It is no news that publishers — particularly those with a legacy of selling print newspaper and magazine subscriptions — are trying to figure out their business model for the new digital world. As they go through this process, paywalls and digital subscriptions are among the tactics they’re trying out.
There are two types of paywalls publishers are trying:
- Hard paywalls. This is when website visitors can’t access any complete articles unless they have a paid subscription.
- Soft paywalls. Also known as a “metered model,” this is when visitors are allowed to read a certain number of articles per month for free. To read more, they need a paid subscription.
We work with most of the industry’s large publishers, so we see firsthand how they’re grappling with this issue — but we don’t see a consistent approach across the industry. We thought it would be interesting to conduct a bit of informal research to look at what publishers are doing.
Through a review of research and individual newspapers’ practices we found:
- Newspapers have a lot of experience with paywalls and digital subscriptions. Newspapers have been experimenting with paywalls for awhile. The Wall Street Journal, for example, implemented a hard paywall in 1997 and still uses it today. According to a survey conducted by the International News Media Association, as of late last year 73 percent of newspapers had deployed some type of paywall.
- Soft paywalls are the predominant choice among newspapers. According to the INMA survey, 40 percent of newspapers that reported having a paywall use the hard paywall model, with The Wall Street Journal and London’s The Times being the most high-profile examples. The New York Times and 78 newspapers owned by Gannett, including USA Today, are among those using the soft paywall model. Some newspapers — such as The Boston Globe — started with a hard paywall then transitioned to a soft paywall. And there are many newspapers — such as The San Francisco Chronicle, The Dallas Morning News and The Toronto Star — that tried some type of paywall and stopped.
- There’s no standard limit for soft paywalls at newspapers. For newspapers that employ a soft paywall, there’s no standard limit of free articles readers can access each month before they have to subscribe. For example, among Gannett’s 78 newspapers that use a soft paywall, the meter limit ranges from seven to 20 articles a month, depending on audience nuances. Some newspapers have experimented with their limits to find a number that drives the best results. For example, The New York Times started with a limit of 20 free articles per month in 2011 then, a little more than a year later, dropped the limit to 10 articles, where it remains today.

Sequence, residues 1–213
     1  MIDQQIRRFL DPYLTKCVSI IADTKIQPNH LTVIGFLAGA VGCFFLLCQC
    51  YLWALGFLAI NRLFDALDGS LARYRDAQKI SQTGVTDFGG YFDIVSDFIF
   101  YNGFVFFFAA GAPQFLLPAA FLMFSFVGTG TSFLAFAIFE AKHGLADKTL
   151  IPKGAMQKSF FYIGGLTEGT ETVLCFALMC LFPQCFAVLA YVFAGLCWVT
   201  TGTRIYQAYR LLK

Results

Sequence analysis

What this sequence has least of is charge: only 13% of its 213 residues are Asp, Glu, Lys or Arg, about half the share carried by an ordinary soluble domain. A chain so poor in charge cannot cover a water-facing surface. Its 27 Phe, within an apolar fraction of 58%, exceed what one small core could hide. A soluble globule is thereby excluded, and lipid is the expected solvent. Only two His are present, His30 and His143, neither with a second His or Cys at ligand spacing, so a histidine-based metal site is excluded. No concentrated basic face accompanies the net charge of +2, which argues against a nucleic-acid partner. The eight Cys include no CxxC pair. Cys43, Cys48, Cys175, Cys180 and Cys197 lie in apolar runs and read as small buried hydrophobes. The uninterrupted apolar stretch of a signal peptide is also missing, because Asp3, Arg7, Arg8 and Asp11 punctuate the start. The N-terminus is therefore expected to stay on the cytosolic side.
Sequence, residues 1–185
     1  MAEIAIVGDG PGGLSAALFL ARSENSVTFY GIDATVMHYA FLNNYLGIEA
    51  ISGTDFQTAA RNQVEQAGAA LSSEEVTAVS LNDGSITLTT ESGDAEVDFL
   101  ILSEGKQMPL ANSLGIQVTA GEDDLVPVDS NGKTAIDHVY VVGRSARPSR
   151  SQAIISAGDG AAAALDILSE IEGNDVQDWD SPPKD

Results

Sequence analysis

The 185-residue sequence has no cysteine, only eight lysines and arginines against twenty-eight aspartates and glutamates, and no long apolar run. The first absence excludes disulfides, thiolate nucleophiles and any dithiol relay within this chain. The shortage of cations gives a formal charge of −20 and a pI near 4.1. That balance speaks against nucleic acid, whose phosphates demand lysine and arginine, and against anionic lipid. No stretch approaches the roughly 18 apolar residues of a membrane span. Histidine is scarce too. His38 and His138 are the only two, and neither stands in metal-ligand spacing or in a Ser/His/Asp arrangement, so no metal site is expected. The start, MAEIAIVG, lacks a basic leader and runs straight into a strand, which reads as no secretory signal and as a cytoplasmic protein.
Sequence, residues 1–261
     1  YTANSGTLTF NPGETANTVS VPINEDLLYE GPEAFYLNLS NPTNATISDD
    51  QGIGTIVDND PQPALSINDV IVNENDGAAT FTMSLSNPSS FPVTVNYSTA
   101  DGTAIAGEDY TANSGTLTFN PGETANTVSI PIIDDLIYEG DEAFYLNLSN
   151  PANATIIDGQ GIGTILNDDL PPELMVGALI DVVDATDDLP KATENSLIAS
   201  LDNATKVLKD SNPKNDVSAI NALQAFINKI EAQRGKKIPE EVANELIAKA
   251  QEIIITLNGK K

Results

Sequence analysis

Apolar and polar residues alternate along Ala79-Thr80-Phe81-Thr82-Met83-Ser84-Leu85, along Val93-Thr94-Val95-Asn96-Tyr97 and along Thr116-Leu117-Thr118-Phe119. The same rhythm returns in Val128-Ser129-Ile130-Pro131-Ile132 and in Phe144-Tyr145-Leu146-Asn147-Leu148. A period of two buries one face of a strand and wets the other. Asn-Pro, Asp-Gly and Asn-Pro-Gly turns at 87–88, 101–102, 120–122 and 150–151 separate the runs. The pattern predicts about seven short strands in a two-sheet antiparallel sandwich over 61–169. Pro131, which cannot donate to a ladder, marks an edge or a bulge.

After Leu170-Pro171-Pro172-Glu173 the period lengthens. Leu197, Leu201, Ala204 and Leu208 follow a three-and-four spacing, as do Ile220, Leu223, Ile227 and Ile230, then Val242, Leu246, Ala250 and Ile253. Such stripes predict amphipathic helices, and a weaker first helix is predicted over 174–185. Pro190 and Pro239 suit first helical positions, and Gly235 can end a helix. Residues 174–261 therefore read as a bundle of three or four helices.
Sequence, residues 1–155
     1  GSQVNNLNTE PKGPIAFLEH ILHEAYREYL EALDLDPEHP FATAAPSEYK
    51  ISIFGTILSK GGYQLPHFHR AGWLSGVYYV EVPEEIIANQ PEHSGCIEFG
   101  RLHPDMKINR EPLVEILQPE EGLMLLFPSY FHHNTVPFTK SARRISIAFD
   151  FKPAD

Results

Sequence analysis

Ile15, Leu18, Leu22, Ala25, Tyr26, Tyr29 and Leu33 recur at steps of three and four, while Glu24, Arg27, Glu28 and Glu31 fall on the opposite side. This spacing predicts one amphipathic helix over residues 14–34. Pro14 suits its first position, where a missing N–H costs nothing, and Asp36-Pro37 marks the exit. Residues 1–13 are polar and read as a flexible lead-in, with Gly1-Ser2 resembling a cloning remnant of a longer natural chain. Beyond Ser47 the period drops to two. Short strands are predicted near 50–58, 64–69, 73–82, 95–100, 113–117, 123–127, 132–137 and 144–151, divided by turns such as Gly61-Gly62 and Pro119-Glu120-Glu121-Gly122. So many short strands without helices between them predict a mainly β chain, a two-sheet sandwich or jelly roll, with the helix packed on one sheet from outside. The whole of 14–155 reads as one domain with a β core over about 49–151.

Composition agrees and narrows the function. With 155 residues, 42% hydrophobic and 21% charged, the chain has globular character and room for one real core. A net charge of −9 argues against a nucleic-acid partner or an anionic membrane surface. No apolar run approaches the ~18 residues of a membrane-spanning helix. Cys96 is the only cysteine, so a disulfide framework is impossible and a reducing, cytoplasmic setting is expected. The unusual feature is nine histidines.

- Newspapers are experiencing some success with paywalls. At least among larger newspapers, paywalls seem to be paying off in terms of boosting digital subscription revenues. In 2013, The Gannett Company said digital subscriptions added more than $100 million to its operating income, and The New York Times recently announced it has topped 1 million digital-only subscribers.
Magazine and Other Digital Content Site Paywalls
Newspapers aren’t the only publishers trying paywalls, but they have a longer history of experimentation than magazines and other digital content sites. Here’s what our review found outside of the newspaper industry:
- Magazines are just getting into paywalls. Magazines, for some reason, have experimented less with paywalls than newspapers. Some large magazines — such as The New Yorker — have implemented soft paywalls and others — such as Entertainment Weekly and The Nation — are about to implement soft paywalls.
- New digital sites are even looking into paywalls. Even newer digital sites that don’t have a hard copy legacy — such as Slate and The Huffington Post — are starting to experiment with paywalls. In the case of The Huffington Post, the move is ironic considering back in a 2011 April Fools’ joke, it poked fun at The New York Times for instituting a paywall.
While paywalls and digital subscriptions have been around since 1997, it seems clear we’re still in their early stages. There will no doubt be more changes ahead as publishers continue to experiment with the concept and figure out the best business model for the digital world.